[Photograph scanned from the 1978 Fordham College yearbook, The Maroon.]
I learned today that my favorite professor has died. Jim Doyle, James P. Doyle, was my teacher at Fordham College, Bronx, New York. He later taught at Lyndon State College in Vermont. His years at Fordham matched mine--he started in 1974 (when I started on my B.A.) and left in 1980 (the year I finished my M.A.).
Jim was the best teacher I ever had. He was the teacher who made the why of poetry clear to me, who made it clear that poetry was an urgent human enterprise. I had a class with him in my and his first semester at Fordham (drama), and it was not great, as he agreed. He was learning, I think, and he was facing a group of mostly uninterested and wary freshmen. But when I took his courses on modern and contemporary British poetry as a junior, I began to understand what literature was all about. Jim brought poetry to life, by any means necessary, often with humor, and always with absolute dedication and integrity. He was never ironic or glib about the works he was teaching. He was the real thing, and he presented tremendously difficult poetry (e.g., David Jones, Geoffrey Hill) to undergraduates in all its difficulty, without apology. I remember how several of us treasured our copies of Four Quartets, every page covered in notes from class ("the Doyle edition"). I still have my copy. I remember going to an optional review class during reading days before finals and coming in very late (after a grandparent's funeral, believe it or not), which prompted Jim to just keep going, out of kindness. What a teacher! I'm glad that I told him how much his teaching meant to me.
When I started on an M.A. at Fordham, I sat in on the modern British course I'd already taken, to get all the notes I'd missed the first time around. Here too, in that more leisurely world of reading days, there was an optional extra class, hours long, to get through Four Quartets. It was in mid-December, at night, in a more or less deserted classroom building. The room was packed, people listening intently, coats piled everywhere. There was the strangely magical feeling that sometimes comes from being in a classroom at night--brilliant fluorescent light inside and the black winter night in the windows. The class suddenly became very moving, as Jim stopped what he was doing to talk about the difficulty of the works we were reading and of how they wouldn't really become clear to us for years. It was an intensely human lesson about the whole project of living and learning.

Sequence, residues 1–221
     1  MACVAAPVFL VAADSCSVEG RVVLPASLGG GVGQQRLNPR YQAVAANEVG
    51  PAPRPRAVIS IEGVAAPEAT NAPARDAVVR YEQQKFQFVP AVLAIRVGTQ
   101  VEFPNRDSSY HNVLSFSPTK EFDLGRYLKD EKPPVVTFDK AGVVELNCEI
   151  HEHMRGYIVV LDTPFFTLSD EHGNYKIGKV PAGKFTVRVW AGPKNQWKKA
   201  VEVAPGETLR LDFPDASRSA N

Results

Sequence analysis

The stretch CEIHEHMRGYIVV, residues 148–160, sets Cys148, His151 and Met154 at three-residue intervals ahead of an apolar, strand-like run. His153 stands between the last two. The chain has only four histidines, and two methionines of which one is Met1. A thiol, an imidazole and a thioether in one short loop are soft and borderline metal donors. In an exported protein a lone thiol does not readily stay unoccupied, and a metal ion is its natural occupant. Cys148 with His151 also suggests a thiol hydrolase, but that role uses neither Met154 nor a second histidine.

I have so many memories of Jim. He once told us that he'd gone to church that morning (during Easter week, I think) and that he was the only person there--so it was a good thing that he went! I remember his hilarious account of trying to explain to a prim Fordham girl what a phallic symbol was. He brought one (or both, I can't recall) of his children to class--the only time in all my years as a student that I ever saw a professor open up his family life in that way (I'm proud to say that I did likewise when my two children were younger). He took me out of my graduate cubicle once with the invitation, "Come take a walk with me," and we went out to Fordham Road and had ice cream. I also remember a completely casual aside that Jim made while teaching "Prufrock." Many years later it came back to me when it was exactly what I needed to remember in my life, and I'm glad I was able to tell him so. I feel lucky to have some books that he gave me before he left Fordham, and some letters and cards from over the years.
Jim's obituary has something of his gratitude and humor in it: "Jim lived a wonderful life and was happy that it was long enough to see the Boston Red Sox win the World Series."
[December 11, 2007: A fair number of people have been finding this post by searching for jim doyle. If you've been looking for Jim online, do read the comments that follow, and please consider sharing your memories there too. Thanks.]
A Jim Doyle story